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INSURANCE REGULATORY AND DEVELOPMENT AUTHORITY (ASSETS, LIABILITIES, AND SOLVENCY MARGIN OF INSURERS) REGULATIONS, 2000.
DETERMINATION OF SOLVENCY MARGINS
Available Solvency Margin’ means the excess of value of assets (furnished in IRDA- Form- AA) over the value of life insurance liabilities (furnished in Form H as specified in Regulation 4 of Insurance Regulatory and Development Authority (Actuarial Report and Abstract) Regulations, 2000) and other liabilities of policyholders’ fund and shareholders’ funds; “Solvency Ratio” means the ratio of the amount of Available Solvency Margin to the amount of Required Solvency Margin.
“Available Solvency Margin” means the excess of value of assets (furnished in Form IRDA-Assets- AA) over the value of liabilities (furnished in Form HG), with further adjustments as shown in Table III of Form KG. “Solvency Ratio” means the ratio of the amount of Available Solvency Margin to the amount of Required Solvency Margin.
VALUATION OF ASSETS
• The following assets should be placed with value zero,-– Agent’s balances and outstanding premiums in India, to the extent they are not realised within a period of thirty days; – Agents’ balances and outstanding premiums outside India, to the extent they are not realisable ; – Sundry debts, to the extent they are not realisable; – Advances of an unrealisable character; – Furniture, fixtures, dead stock and stationery; – Deferred expenses; – Profit and loss appropriation account balance and any fictitious assets other than pre-paid expenses; – Reinsurer’s balances outstanding for more than three months; – Preliminary expenses in the formation of the company; The value of computer equipment including software shall be computed as under:-– seventy five per cent. of its cost in the year of purchase; – fifty per cent. of its cost in the second year; – twenty-five per cent. of its cost in the third year; and – zero per cent. thereafter.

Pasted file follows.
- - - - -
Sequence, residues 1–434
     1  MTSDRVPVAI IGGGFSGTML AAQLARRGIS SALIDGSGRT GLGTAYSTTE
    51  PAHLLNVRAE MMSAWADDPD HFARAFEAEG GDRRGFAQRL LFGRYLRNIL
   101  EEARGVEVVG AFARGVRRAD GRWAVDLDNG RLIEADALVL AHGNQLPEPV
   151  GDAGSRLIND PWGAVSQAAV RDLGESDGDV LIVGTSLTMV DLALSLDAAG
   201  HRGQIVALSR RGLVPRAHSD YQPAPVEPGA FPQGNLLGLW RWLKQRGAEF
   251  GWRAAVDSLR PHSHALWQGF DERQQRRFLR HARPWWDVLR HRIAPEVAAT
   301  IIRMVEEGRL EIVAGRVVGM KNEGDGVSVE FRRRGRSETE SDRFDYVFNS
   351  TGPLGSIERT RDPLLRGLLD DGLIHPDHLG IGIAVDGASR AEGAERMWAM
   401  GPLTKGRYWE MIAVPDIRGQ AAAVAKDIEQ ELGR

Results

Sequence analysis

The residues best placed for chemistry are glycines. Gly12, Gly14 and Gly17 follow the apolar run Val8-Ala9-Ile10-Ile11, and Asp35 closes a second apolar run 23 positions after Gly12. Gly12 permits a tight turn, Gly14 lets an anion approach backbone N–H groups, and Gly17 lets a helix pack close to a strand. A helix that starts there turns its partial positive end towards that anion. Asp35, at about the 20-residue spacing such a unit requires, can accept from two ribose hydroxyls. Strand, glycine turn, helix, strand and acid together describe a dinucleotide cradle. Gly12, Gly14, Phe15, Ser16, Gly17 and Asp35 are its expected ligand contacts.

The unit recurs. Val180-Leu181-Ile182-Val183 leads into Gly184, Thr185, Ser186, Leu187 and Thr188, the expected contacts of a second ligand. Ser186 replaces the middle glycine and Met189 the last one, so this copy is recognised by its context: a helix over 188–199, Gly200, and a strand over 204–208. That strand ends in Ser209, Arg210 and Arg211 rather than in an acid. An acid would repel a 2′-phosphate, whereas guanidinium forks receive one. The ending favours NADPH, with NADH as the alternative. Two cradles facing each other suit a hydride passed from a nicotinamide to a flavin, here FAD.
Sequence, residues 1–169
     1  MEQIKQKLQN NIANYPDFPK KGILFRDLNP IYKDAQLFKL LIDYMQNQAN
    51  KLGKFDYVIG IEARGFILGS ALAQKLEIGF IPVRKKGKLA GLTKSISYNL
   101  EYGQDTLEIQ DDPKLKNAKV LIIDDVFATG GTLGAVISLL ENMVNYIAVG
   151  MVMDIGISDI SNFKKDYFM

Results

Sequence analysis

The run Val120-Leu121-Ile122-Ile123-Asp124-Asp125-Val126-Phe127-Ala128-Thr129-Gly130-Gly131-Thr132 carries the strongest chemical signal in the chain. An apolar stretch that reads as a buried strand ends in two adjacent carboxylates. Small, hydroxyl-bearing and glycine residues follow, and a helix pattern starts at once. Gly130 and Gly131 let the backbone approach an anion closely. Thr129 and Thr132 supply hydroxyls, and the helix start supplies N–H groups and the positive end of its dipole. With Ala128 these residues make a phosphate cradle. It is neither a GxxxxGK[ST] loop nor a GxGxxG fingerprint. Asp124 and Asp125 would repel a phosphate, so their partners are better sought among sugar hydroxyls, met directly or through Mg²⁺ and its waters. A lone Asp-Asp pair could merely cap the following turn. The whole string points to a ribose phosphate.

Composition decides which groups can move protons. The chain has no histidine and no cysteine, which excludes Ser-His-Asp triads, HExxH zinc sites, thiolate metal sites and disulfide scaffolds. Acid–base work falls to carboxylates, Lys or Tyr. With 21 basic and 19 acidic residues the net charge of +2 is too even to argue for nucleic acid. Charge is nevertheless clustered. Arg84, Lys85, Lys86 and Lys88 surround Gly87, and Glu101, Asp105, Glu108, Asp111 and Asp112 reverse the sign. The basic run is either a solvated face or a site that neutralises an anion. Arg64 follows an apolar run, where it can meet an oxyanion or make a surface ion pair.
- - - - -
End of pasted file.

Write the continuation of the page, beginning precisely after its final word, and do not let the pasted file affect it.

Statement of Assets
Category of Asset Policyholders' funds: Amount ( in rupees lakhs) as per (a) below Shareholders' funds: Amount ( in rupees lakhs) as per (a) below
1 Approved Securities 2 Approved Investments 3 Deposits 4 Non-Mandated Investments 5 Other Assets, specify 6 Total 7 Fair Value Change Account 8 (6) - (7)
Valuation of Liabilities - Life Insurance
• • • Method of Determination of Mathematical Reserves Prospective method of valuation : to account for all prospective contingencies under which any premiums (by the policyholder) or benefits (to the policyholder/beneficiary) may be payable under the policy, as determined by the policy conditions. to account for the cost of any options that may be available to the policyholder under the terms of the contract. the amount of liability under each policy tol be based on prudent assumptions of all relevant parameters. The value of each such parameter to based on the insurer’s expected experience and shall include an appropriate margin for adverse deviations (hereinafter referred to as MAD) that may result in an increase in the amount of mathematical reserves.
Valuation of Liabilities - Life Insurance
• • Gross premium method of valuation: premiums payable, if any, benefits payable, if any, on death; benefits payable, if any, on survival; benefits payable, if any, on voluntary termination of contract, and the following, if any, :• basic benefits, • rider benefits, • bonuses that have already been vested as at the valuation date, • bonuses as a result of the valuation at the valuation date, and • future bonuses (one year after valuation date) including terminal bonuses (consistent with the valuation rate of interest); commission and remuneration payable, if any, in respect of a policy (This shall be based on the current practice of the insurer). policy maintenance expenses, if any, in respect of a policy, as provided under sub-para (4) of para 5; allocation of profit to shareholders, if any, where there is a specified relationship between profits attributable to shareholders and the bonus rates declared for policyholders. Provided that allowance must be made for tax, if any. Provision for Policy Options.